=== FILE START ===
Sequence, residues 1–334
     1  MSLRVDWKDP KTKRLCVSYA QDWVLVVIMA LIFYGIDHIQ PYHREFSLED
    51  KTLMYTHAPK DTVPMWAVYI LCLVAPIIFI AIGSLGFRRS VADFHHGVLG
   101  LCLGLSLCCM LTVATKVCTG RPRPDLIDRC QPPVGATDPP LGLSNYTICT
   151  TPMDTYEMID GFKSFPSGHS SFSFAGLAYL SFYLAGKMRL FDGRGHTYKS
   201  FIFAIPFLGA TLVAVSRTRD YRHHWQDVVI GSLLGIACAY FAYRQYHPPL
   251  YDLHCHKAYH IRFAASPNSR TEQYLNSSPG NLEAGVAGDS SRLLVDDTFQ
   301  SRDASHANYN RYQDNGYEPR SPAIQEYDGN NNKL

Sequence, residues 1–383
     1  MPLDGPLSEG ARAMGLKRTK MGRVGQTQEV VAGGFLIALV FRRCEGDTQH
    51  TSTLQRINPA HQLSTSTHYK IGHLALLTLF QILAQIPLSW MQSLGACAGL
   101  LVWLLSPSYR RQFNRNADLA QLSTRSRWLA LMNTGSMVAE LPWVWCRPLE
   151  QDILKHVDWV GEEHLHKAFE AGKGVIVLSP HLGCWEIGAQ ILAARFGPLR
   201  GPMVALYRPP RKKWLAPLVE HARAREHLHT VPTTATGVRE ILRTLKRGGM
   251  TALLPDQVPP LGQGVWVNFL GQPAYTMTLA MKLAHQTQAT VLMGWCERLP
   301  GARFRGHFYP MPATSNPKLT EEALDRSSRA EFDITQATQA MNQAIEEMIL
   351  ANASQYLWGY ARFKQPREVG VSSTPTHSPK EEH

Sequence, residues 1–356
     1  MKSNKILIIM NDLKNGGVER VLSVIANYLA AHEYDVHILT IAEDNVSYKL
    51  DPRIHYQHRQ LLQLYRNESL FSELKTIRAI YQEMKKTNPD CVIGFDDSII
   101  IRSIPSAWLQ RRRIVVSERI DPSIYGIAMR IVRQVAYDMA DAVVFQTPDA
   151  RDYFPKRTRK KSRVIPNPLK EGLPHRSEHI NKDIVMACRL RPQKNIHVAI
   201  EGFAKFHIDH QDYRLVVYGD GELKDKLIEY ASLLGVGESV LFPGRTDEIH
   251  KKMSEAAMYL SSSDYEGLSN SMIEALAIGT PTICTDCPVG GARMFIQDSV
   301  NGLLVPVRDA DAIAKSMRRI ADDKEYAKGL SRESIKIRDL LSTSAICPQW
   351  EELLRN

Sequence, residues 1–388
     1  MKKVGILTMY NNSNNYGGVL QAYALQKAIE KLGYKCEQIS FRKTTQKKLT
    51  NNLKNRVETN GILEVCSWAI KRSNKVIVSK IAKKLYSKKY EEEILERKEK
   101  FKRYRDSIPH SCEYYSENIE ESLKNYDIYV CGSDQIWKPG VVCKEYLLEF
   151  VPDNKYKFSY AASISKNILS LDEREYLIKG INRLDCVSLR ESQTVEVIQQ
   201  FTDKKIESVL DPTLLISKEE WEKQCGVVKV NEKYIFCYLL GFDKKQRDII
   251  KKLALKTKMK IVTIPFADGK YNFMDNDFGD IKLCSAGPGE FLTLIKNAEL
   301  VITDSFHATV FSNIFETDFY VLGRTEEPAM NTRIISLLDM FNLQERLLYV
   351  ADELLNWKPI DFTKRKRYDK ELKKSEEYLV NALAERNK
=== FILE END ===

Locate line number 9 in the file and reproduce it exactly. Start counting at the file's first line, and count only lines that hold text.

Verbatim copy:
Sequence, residues 1–383